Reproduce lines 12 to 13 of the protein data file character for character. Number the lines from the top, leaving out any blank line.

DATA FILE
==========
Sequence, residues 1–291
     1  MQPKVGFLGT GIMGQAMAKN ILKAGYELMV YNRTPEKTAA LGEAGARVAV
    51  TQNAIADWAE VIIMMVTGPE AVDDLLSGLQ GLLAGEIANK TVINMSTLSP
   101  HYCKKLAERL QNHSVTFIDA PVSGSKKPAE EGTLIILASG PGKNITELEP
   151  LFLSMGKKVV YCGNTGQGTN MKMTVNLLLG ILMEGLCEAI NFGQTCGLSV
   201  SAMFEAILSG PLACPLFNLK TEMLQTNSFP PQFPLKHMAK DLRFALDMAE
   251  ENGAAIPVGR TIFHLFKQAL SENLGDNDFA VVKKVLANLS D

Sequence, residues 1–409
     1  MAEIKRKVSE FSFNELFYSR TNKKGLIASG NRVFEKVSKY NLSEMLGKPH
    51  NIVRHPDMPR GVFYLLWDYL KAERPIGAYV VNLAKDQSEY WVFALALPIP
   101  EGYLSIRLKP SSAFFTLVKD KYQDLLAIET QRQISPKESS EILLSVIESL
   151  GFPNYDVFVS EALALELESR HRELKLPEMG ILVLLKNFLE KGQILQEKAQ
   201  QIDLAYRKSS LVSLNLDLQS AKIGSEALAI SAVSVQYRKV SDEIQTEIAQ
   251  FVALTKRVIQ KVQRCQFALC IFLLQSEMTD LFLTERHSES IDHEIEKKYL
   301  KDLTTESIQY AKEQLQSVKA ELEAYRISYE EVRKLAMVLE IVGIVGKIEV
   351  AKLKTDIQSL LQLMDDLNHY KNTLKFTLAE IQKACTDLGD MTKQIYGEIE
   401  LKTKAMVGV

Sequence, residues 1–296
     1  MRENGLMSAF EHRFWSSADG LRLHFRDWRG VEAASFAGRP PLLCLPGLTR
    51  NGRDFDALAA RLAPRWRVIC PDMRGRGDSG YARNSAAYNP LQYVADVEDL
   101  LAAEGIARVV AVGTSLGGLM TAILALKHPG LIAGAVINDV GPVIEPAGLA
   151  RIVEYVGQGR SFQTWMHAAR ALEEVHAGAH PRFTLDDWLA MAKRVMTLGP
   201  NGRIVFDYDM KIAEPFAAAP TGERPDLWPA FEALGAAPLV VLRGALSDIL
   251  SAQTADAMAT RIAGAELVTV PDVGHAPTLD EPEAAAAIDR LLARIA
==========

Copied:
   151  GFPNYDVFVS EALALELESR HRELKLPEMG ILVLLKNFLE KGQILQEKAQ
   201  QIDLAYRKSS LVSLNLDLQS AKIGSEALAI SAVSVQYRKV SDEIQTEIAQ